(U.S. Air Force photo by Staff Sgt. Franklin R. Ramos/Released) U.S. Air Force F-16 Fighting Falcon fighter aircraft, assigned to the 36th Fighter Squadron, conduct an elephant walk on a taxiway during Exercise VIGILANT ACE 18 at Osan Air Base, Republic of Korea, Dec. 3, 2017.
Breaking down the numbers: a massive force totaling 230 aircraft is participating in the US -led drills with South Korean allies at Osan Air Base to focus on interoperability, security and combat airpower, the Air Force said.
Jobe said that North Korea's repeated missile firings-the latest last Wednesday, after a two-month lull-have caused the Air Force to step up the frequency and complexity of aerial exercises "to make sure we are ready and prepared to respond to any sort of additional testing that the Kim regime does". Recently, US President Donald Trump has doubled down on his harsh stance toward North Korea.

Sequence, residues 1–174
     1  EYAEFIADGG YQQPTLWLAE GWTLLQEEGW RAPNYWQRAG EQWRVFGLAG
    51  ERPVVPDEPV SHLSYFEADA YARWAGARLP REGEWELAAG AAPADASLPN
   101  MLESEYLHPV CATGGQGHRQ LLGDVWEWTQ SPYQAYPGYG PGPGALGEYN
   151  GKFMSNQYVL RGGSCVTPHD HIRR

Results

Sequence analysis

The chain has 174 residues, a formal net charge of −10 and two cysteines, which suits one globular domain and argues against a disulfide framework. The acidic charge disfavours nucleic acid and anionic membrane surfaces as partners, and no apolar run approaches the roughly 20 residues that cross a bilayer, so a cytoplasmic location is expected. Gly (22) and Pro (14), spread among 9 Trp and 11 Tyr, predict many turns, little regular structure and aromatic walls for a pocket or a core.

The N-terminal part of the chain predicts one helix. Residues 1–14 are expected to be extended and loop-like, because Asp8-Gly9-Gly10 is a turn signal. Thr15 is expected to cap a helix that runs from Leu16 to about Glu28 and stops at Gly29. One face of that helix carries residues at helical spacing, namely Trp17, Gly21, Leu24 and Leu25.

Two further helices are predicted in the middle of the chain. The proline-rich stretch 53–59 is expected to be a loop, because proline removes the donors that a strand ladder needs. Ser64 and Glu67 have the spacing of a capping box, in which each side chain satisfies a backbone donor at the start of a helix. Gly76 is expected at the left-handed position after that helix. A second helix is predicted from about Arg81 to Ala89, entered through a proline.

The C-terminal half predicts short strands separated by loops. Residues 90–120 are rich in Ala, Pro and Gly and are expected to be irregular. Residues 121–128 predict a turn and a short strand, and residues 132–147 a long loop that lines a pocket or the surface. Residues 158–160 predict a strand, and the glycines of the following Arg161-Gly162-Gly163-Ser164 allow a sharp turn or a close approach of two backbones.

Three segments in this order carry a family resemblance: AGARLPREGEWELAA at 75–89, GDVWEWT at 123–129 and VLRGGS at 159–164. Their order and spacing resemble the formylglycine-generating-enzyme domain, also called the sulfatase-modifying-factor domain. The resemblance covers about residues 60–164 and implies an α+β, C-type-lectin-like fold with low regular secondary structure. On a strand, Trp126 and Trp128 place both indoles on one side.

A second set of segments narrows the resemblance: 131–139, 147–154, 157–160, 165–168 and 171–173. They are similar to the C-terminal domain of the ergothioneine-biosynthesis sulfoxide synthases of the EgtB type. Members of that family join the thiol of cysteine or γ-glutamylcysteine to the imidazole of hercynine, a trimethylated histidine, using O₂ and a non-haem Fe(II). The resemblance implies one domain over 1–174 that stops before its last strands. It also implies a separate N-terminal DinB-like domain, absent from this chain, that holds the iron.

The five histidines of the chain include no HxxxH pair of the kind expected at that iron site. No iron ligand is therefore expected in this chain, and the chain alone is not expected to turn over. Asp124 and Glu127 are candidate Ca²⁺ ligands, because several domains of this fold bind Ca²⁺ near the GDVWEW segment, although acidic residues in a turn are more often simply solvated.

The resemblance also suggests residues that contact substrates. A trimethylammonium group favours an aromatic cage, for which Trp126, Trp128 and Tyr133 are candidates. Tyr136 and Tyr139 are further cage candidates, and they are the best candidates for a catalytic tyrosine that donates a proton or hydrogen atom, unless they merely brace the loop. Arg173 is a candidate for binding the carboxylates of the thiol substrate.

The drills involve 12,000 USA servicemembers along with South Korean airmen and more than 230 warplanes, including for the first time the Raptors, six F-35A Lightning IIs and 12 F-35Bs.
Just as this is not the first time North Korea has threatened retaliation for military exercises, it's not unique for America to deploy sophisticated aircraft amid North Korean belligerence.
North Korea regularly cites military drills around the peninsula as justification for its nuclear and missile-testing program.
On the eve of the exercise, the state-run Korean Central News Agency said Pyongyang will "seriously consider" countermeasures against the drills and warned that Washington and Seoul will "pay dearly for the provocations".
But earlier, the North Korean state media said the drill pushes the Korean Peninsula "to the brink of nuclear war".
US and South Korean officials insisted the drills are defensive in nature.